Side note. The 17pdr ADPS was silly, lets not beat around the bush, the loss of accuracy meant you actually on average decreased your chances of success. THe performance you gain you might lose due to missing a tank which you might have hit and penetrated otherwise. So I would argue the vehicles like StuG III Panzer IV Hetzer et cetera like were happy if the opposing enemy used 17pdr ADPS it actually increased their survival chance. The weapon system was bad.

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Re: Picture of a Sherman withstanding a clean hit of a pak40 or better

Post by Duncan_M » 26 Feb 2019 22:10

Christianmunich wrote:
26 Feb 2019 21:56
Side note. The 17pdr ADPS was silly, lets not beat around the bush, the loss of accuracy meant you actually on average decreased your chances of success. THe performance you gain you might lose due to missing a tank which you might have hit and penetrated otherwise. So I would argue the vehicles like StuG III Panzer IV Hetzer et cetera like were happy if the opposing enemy used 17pdr ADPS it actually increased their survival chance. The weapon system was bad.
Complaining about technical problem. LOL. This coming from the dude who utterly discounts every mechanical problem with German cat panzers as not pertinent to the discussion. Priceless

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Re: Picture of a Sherman withstanding a clean hit of a pak40 or better

Post by Juha » 27 Feb 2019 00:44

critical mass wrote:
26 Feb 2019 21:46
I have a question:

... Consequently, I am also convinced that one might rate the 17pdr gun firing regular AP and APCBC to at best marginal and at worst unable to deal with the glacis, safe remote chances, which jointly come across. The abilities of the 17pdr firing AP and APCBC to deal with the nose plate is marginal, too. However, these, along with APDS will effectively deal other exposed frontal areas (turret/mantlet), and all of the other target aspects under a wide range of conditions.

The presumption that tanks act like kind of dinosaurs -with a thick skin but remote senses, engaging only frontally each other- does not hold true on the battlefield. The tank is just one component of combined arms warfare, and it can´t dominate others if it is to act independent or isolated of them.
i agree that against Panther's glacis 17-pdr AP and APCBC rounds were at best marginal but IMHO when one looks Isigny test results, the 17-pdr APCBC was fairly successful against Panther's nose plate.

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Re: Picture of a Sherman withstanding a clean hit of a pak40 or better

Post by Richard Anderson » 27 Feb 2019 03:04

Christianmunich wrote:
26 Feb 2019 21:56
critical mass wrote:
26 Feb 2019 21:46

what is the primary source evidence for FH armor plate ever used in PANTHER glacis or nose plate application? Not secondary sources, primary please.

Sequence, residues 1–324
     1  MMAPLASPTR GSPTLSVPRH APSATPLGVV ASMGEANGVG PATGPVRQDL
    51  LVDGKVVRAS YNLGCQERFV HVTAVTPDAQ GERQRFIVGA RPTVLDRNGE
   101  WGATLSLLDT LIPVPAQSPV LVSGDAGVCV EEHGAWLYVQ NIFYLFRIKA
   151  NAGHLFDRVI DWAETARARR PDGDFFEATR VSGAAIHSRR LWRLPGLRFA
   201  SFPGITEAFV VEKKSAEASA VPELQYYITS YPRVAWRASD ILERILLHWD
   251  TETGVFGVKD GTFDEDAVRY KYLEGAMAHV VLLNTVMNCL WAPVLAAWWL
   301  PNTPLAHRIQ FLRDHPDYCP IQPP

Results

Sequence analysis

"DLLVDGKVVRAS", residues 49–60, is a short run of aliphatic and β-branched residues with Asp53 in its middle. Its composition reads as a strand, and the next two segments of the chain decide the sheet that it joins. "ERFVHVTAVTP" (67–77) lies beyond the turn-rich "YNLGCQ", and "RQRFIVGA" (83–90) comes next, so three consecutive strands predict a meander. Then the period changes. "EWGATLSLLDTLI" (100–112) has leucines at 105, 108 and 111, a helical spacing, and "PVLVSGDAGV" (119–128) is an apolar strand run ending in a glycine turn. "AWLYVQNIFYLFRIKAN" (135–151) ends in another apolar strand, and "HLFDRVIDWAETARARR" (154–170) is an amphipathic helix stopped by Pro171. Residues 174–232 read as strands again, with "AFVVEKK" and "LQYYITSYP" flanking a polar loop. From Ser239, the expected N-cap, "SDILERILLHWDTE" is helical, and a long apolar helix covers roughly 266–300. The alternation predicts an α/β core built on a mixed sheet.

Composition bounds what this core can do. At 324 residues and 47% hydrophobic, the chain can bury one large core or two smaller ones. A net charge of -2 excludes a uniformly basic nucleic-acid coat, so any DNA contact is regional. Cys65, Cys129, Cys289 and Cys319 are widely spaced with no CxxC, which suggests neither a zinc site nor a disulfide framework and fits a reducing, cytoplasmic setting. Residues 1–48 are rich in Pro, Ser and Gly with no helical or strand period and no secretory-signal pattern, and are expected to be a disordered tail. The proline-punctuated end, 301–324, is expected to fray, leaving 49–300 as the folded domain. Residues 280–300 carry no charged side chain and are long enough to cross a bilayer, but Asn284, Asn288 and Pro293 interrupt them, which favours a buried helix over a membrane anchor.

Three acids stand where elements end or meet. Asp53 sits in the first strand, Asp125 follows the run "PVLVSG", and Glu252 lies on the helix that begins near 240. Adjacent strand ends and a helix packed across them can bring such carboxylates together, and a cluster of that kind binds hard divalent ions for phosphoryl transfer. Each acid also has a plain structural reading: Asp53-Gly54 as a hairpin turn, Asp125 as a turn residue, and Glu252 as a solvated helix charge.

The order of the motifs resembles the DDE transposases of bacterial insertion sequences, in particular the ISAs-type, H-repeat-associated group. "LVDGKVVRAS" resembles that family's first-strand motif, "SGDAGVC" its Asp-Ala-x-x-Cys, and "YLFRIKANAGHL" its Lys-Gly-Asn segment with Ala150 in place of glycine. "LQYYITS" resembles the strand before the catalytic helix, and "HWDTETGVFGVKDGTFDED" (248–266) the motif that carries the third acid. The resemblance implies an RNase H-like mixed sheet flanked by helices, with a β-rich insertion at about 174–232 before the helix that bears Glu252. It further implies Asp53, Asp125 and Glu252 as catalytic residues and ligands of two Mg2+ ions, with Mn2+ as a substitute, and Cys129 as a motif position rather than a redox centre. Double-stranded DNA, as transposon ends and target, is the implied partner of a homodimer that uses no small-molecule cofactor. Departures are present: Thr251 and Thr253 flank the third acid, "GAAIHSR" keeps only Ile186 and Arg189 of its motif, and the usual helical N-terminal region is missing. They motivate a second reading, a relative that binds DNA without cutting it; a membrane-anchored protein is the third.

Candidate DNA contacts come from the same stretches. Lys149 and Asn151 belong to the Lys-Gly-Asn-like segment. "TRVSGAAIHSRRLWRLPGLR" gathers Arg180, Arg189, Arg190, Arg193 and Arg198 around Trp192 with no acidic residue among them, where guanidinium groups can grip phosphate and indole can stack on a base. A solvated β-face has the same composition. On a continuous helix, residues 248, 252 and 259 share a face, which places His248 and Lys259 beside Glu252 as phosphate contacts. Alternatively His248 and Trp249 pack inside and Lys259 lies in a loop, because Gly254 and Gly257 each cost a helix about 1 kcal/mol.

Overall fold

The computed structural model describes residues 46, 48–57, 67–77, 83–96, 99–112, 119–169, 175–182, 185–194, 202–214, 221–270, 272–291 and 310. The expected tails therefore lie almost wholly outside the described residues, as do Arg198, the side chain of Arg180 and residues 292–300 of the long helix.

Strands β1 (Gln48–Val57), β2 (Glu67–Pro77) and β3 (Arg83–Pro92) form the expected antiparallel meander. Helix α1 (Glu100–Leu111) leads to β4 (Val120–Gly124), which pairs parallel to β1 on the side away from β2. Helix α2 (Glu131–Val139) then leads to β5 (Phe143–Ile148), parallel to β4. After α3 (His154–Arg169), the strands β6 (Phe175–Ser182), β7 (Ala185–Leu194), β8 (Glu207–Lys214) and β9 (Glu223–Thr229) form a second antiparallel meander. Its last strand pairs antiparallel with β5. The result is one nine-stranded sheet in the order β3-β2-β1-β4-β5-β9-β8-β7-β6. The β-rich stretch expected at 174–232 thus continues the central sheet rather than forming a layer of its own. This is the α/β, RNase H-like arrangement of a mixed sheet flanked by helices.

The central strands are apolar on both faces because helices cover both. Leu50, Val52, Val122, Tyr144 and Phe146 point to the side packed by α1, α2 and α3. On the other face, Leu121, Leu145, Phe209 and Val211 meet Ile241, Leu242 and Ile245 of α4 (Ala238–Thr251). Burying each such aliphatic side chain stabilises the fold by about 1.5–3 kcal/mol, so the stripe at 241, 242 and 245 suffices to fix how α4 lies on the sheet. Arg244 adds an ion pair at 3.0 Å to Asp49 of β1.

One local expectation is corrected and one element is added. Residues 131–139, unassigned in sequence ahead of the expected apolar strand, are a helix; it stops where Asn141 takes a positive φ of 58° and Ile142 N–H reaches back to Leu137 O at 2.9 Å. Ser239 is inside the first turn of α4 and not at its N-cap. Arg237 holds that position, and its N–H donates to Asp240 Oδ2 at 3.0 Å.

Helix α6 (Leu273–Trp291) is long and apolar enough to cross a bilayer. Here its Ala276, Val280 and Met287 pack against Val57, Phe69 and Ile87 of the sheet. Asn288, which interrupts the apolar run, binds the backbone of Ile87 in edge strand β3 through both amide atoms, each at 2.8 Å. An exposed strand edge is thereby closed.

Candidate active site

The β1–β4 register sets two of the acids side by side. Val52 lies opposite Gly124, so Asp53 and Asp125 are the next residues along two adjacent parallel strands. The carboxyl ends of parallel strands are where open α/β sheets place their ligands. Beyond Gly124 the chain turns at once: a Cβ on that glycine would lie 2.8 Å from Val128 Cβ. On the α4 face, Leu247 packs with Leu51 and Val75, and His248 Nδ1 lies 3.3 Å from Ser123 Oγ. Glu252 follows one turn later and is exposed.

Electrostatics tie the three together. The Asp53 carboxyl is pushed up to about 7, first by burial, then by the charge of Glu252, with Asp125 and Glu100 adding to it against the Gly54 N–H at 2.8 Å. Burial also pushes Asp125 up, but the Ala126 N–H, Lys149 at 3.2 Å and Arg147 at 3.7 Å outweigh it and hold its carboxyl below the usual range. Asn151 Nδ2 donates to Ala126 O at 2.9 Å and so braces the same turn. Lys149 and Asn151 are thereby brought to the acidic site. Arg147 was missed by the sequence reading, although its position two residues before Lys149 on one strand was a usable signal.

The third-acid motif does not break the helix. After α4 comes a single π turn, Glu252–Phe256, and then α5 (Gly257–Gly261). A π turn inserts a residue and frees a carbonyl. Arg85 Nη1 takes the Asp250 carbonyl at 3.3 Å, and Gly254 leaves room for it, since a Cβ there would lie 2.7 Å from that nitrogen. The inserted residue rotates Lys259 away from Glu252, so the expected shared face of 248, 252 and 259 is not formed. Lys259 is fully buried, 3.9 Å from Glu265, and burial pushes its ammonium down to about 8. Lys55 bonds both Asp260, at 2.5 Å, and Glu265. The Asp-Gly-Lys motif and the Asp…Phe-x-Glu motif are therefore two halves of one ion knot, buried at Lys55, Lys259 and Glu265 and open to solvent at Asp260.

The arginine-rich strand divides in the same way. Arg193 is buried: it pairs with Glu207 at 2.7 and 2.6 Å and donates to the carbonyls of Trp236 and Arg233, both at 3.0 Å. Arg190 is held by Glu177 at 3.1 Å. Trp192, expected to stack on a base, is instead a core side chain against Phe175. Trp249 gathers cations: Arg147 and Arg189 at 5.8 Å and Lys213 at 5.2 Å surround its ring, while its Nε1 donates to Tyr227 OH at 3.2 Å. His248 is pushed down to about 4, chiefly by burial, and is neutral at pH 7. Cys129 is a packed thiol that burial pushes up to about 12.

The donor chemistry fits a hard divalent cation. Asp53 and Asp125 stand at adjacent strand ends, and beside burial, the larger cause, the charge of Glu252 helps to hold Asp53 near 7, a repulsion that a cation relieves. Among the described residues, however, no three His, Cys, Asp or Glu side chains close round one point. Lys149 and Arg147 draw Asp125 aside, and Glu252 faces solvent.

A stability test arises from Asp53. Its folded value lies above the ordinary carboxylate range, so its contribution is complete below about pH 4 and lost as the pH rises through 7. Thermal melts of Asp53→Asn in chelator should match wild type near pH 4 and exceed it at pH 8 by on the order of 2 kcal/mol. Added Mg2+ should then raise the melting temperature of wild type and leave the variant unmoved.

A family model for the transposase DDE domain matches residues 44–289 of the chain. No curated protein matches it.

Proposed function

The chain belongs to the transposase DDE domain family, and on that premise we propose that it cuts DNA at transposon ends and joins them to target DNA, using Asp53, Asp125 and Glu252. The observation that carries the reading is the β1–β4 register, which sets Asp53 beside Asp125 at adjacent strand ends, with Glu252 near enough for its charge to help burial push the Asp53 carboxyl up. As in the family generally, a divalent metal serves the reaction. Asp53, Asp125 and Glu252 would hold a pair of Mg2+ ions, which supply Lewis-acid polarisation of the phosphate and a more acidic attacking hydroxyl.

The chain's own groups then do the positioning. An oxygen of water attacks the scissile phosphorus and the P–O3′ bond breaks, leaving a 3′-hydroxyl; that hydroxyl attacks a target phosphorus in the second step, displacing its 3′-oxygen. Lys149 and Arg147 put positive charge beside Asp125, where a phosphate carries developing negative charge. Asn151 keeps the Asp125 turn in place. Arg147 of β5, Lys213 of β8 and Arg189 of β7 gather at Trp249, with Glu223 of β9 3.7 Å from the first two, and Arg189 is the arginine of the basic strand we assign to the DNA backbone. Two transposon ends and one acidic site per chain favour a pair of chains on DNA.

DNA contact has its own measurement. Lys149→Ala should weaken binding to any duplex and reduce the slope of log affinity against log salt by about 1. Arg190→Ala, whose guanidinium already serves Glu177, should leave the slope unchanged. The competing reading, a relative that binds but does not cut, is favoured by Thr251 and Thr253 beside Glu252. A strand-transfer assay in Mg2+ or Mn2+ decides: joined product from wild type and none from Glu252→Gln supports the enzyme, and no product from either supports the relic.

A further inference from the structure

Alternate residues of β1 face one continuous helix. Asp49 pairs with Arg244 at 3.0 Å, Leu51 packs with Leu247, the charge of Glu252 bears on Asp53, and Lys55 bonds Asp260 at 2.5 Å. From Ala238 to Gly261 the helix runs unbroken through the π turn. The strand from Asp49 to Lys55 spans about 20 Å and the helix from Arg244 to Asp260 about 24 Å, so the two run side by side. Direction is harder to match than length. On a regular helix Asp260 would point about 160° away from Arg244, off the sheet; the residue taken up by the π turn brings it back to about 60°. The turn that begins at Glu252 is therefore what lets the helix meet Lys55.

I have none, only secondary sources. I read one book ...
Well, there's your problem... :lol: :lol: :lol:

Anyway, all of 79 the Panther ausf A for I./Pz.Regt. 3. were delivered between 27 January and 28 February 1944, so were early 1944 quality and not late-war expedient quality...or manufactured with face-hardened armor. :lol: :lol: :lol:
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Re: Picture of a Sherman withstanding a clean hit of a pak40 or better

Post by Yoozername » 27 Feb 2019 03:16

MarkN wrote:
26 Feb 2019 19:40
WW2 was not won because one side had bigger guns on tanks than the other. Far, far too many posters on AHF and elsewhere seem to see big guns on tanks or some other equally daft wunderwaffe nonsense as war winning - and then excuse away war loss by blaming it on logistics, Hitler yadda yadda. The principal reason why the Allies lost disproportionatly high numbers of tanks was not because Tigers and Panthers had big guns, but because their tactics were not as good as they thought they were and they could 'afford' the losses as they tried to learn to do better.

Too many people obsessing for the wrong reasons on red herring.
Maybe some agenda? Regardless, what does it have to do with this section of the forum? There are others that argue such things.

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Re: Picture of a Sherman withstanding a clean hit of a pak40 or better

Post by David Thompson » 27 Feb 2019 05:23

Yoozername -- You asked, in regard to an earlier post by MarkN:
Regardless, what does it have to do with this section of the forum?
I'm wondering the same thing about the subject matter of this thread ("Picture of a Sherman withstanding a clean hit of a pak40 or better") in the "Panzer & other vehicles" section of Axis Equipment, and the discussion appears to be drifting away even from that subject.

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Re: Picture of a Sherman withstanding a clean hit of a pak40 or better

Post by EKB » 27 Feb 2019 06:42

Christianmunich wrote:
26 Feb 2019 21:56
I said the Germans had no reason to react to 17pdr in any panicky way due to the Panther still doing the job. MY argument was simple the 17pdr was not good versus the Panther front therefore the Germans could have reacted with little concern at all, no much changed. The front of the Panther was still pretty safe

Yes the Panther and its L/70 gun was a better gestalt. Formidable defensive package. Gun and frontal armor rightly feared and respected by Allied tank crews. But execution of said design was plagued with build quality and materials defect issues, and disparaged as a fire trap.